Menstrual bleeding happens approximately every 20-21 days. Bleeding due to your period is usually regular and predictable, although it can fluctuate slightly. Other symptoms: Bleeding caused by a period may be preceded or accompanied by nausea, breast tenderness, and cramping. Menstrual blood is primarily bright red, though there can be a bit of variation, a brownish tinge, or a black blood period. 

Spotting may have varying causes before periods but in any case it should not be overlooked. Seek profesisonal advice.

What causes spotting before periods?

Spotting has various causes. Usually, spotting is harmless but rarely indicates a serious underlying health condition. Therefore, it is advisable to consult a doctor.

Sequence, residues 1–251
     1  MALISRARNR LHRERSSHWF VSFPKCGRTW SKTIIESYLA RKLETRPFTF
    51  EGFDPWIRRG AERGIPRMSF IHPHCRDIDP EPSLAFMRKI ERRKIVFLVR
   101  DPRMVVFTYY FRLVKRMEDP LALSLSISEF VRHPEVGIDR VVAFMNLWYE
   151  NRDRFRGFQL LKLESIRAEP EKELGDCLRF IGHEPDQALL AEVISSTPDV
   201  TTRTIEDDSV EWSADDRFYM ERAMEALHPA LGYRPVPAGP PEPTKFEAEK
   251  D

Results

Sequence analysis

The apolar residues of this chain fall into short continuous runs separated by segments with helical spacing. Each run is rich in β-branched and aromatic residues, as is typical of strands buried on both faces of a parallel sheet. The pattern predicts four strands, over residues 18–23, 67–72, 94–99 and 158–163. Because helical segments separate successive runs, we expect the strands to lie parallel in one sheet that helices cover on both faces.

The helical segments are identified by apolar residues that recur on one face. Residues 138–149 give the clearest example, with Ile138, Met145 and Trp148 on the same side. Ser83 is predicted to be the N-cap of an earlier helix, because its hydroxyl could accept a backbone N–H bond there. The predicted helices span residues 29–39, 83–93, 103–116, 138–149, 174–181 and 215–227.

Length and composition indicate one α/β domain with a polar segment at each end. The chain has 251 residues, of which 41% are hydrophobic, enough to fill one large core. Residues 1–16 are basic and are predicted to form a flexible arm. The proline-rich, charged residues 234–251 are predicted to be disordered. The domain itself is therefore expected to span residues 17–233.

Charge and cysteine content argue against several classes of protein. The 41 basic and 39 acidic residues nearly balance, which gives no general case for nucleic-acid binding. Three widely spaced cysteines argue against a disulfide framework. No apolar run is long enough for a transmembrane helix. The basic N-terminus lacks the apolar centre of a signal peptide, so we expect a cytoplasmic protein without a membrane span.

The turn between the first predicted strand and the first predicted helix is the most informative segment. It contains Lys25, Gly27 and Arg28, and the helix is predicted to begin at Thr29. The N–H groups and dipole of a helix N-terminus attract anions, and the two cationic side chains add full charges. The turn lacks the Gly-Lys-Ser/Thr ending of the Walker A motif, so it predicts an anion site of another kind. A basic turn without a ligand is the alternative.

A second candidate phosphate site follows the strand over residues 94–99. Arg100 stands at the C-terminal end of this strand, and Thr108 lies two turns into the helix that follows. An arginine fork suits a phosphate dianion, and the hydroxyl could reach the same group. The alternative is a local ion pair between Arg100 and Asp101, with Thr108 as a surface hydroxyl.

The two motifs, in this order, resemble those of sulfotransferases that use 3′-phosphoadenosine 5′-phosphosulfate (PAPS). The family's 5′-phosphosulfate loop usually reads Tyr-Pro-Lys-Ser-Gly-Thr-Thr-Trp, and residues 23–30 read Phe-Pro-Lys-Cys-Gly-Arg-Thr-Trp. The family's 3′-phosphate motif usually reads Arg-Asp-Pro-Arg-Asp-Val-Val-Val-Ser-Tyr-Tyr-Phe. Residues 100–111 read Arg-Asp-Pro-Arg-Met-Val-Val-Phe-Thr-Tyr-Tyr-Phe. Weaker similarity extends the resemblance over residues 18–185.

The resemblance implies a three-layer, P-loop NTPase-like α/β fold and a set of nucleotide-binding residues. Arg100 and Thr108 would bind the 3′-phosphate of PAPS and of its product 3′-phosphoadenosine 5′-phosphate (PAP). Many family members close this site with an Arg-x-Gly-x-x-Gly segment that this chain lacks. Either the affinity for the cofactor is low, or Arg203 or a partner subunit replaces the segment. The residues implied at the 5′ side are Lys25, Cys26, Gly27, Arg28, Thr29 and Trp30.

Birth control pills

Your hormonal birth control may be the culprit if you spot between periods. Hormonal birth control is available in the following forms:

  • pills
  • injections
  • Implants
  • rings
  • patches

Spotting on birth control can happen spontaneously or if you:

  • start taking or using a hormone-based birth control method
  • take birth control pills irregularly or skip the pills
  • change the dose or switch birth control 
  • use birth control for an extended period

If you are wondering how to stop IUD bleeding and spotting, talk with a doctor if your symptoms are not improving. Another common concern amongst women is plan b spotting vs. implantation bleeding, which can be similar. 

Talk with your healthcare provider before and after taking any birth control pills. If the bleeding continues for days, seeking medical attention will help you solve your issue.
Another common concern amongst women is plan B spotting vs. implantation bleeding, which can be similar sometimes. It’s good to discuss all the possible side effects with your healthcare provider before taking any birth control or Plan B pills.